For our final poem for Valentine’s Day, I thought this was another good choice:
|明けぬれば||Akenureba||Because it has dawned,|
|暮るるものとは||Kururu mono to wa||it will become night again—|
|知りながら||Shiri nagara||this I know, and yet,|
|なをうらめしき||Nao urameshiki||ah, how hateful it is—|
|あさぼらけかな||Asaborake kana||the first cold light of morning!|
The author of the poem, Lord Fujiwara no Michinobu (972-994), was the adopted son of the powerful Fujiwara no Kane’ie who was the husband of the mother of Michitsuna (poem 53), author of the Gossamer Years. Kane’ie was known for his philandering, and it seems that his adoptive son had a relationship or two as well, though sadly he died at the age of 23 according to Mostow.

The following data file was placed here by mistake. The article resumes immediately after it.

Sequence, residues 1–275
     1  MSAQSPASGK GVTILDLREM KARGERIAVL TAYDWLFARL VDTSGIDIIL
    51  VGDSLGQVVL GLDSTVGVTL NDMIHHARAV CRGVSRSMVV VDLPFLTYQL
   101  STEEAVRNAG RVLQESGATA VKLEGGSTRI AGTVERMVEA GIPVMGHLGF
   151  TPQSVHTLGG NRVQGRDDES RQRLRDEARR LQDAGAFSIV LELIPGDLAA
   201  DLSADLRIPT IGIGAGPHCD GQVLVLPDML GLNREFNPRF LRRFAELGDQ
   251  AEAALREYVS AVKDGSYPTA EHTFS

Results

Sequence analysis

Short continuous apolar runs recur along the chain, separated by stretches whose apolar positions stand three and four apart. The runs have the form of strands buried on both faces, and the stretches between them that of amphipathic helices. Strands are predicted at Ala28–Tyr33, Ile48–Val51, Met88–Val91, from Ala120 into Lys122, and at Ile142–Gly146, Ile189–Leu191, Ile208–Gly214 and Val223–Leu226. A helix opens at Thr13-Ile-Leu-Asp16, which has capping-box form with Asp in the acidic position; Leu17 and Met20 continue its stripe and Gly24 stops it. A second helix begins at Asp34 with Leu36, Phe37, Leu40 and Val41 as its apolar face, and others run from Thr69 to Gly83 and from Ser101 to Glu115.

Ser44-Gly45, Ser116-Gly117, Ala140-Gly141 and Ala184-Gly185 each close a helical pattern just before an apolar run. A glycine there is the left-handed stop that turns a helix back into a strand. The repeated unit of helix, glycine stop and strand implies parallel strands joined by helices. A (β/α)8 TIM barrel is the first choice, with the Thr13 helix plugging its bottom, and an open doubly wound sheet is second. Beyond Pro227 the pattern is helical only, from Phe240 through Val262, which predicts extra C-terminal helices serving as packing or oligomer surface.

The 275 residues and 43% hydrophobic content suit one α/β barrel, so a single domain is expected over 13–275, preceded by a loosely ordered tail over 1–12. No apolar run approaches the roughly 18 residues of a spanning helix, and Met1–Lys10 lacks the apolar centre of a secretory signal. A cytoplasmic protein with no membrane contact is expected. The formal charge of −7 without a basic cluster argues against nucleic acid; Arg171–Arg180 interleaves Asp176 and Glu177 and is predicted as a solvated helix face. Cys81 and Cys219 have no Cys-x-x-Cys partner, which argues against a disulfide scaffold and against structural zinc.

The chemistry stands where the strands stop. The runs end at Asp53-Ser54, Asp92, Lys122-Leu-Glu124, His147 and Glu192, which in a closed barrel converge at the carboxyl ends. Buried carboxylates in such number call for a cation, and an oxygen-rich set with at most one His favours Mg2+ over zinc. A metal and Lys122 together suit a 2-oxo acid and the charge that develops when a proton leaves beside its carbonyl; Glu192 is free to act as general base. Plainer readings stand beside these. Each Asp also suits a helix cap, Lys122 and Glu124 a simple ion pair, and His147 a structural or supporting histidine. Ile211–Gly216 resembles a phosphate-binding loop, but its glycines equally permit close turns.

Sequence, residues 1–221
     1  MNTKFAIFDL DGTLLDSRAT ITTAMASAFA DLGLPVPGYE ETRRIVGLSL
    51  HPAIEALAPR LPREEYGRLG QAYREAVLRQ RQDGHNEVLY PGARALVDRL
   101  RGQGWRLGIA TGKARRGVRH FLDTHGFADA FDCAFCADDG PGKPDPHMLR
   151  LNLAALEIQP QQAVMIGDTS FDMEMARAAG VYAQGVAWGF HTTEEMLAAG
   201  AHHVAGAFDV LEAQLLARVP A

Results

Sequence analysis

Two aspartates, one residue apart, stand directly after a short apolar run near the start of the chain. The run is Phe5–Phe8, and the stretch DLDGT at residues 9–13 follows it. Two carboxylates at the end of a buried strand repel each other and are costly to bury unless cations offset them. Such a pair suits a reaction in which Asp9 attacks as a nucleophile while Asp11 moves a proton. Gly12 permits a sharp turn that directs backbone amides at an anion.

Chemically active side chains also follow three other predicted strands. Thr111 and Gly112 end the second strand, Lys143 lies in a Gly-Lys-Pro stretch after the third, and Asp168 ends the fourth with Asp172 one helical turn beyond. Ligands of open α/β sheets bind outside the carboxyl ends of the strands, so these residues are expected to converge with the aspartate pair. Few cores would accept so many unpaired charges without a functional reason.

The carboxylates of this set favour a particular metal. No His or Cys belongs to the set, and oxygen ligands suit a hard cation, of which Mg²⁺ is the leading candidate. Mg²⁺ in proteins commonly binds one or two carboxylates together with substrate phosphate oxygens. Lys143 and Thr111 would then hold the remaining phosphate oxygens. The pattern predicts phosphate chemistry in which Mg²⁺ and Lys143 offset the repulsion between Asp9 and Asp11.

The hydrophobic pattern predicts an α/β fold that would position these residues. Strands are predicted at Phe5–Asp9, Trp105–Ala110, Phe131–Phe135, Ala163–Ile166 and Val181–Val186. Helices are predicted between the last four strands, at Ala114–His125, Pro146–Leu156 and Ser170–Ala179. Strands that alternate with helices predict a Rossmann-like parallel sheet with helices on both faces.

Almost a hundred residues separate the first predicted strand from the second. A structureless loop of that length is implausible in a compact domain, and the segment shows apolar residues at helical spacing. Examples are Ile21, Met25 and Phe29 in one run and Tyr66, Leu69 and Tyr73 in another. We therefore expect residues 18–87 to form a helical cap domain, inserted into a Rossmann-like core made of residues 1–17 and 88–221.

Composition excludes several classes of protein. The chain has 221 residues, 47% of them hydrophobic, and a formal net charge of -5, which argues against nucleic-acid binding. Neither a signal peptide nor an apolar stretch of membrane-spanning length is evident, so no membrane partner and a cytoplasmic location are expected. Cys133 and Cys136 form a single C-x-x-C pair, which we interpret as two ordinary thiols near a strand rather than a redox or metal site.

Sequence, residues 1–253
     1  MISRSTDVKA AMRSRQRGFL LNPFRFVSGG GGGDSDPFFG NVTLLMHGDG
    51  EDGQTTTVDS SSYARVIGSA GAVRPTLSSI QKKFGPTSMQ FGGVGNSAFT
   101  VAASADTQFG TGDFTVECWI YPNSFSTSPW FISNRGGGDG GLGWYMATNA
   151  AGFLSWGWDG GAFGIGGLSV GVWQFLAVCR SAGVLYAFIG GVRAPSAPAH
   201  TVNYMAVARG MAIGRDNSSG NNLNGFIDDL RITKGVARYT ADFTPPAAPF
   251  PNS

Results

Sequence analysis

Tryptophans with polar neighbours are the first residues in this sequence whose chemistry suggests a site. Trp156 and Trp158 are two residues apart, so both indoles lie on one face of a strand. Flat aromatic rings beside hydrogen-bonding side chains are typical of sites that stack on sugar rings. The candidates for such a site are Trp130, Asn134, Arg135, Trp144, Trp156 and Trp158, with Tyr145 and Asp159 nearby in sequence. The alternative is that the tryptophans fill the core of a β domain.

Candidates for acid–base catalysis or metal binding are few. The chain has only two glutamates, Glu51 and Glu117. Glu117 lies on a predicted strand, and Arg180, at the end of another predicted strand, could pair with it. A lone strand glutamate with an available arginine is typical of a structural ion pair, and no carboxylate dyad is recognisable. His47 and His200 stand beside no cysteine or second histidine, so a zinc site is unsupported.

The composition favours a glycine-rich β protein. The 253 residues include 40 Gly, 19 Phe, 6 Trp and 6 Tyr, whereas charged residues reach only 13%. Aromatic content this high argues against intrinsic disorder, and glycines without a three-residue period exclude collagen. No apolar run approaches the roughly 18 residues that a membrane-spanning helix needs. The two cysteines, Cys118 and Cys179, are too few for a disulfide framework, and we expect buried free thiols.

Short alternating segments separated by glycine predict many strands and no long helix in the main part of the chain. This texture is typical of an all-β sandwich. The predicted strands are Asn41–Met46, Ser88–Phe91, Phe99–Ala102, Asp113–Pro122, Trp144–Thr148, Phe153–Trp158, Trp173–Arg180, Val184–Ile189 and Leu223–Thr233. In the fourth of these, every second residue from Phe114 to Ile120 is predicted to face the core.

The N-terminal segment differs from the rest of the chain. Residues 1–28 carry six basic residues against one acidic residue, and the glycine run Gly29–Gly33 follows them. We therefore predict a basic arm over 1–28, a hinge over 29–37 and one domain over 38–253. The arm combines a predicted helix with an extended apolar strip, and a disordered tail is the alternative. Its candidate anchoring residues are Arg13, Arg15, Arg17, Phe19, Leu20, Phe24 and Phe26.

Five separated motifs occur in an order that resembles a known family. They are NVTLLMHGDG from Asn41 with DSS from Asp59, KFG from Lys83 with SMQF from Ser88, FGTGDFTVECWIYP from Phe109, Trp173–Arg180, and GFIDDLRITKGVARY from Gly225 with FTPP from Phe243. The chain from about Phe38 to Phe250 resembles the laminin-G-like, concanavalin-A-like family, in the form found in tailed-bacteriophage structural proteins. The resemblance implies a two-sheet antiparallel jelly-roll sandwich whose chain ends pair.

This is another classic “Morning After” poem, which we’ve featured here, here and here.
Lord Michinobu dreads the rising sun because it means he has to sneak back to his own residence, away from his lover. Judging by his reaction, it must have been a night well-spent together. 🙂
Happy Valentine’s Day!
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